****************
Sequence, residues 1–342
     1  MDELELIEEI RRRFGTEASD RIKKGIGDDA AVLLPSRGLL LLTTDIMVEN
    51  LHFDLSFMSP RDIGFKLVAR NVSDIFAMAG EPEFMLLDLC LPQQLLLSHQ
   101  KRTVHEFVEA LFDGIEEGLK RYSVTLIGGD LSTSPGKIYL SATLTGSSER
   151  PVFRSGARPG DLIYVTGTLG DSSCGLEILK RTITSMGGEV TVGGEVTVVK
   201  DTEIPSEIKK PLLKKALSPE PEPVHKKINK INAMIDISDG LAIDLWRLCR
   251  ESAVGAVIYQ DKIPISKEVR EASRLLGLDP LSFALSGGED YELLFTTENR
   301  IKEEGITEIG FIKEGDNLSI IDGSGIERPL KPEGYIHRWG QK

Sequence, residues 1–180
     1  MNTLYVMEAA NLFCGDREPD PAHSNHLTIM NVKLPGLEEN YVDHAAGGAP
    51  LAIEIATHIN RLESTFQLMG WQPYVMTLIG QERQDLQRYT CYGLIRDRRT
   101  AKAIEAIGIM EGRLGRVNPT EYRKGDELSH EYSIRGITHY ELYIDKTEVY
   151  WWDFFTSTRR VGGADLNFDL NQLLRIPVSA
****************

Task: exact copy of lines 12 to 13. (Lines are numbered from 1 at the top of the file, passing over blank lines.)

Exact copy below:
   101  AKAIEAIGIM EGRLGRVNPT EYRKGDELSH EYSIRGITHY ELYIDKTEVY
   151  WWDFFTSTRR VGGADLNFDL NQLLRIPVSA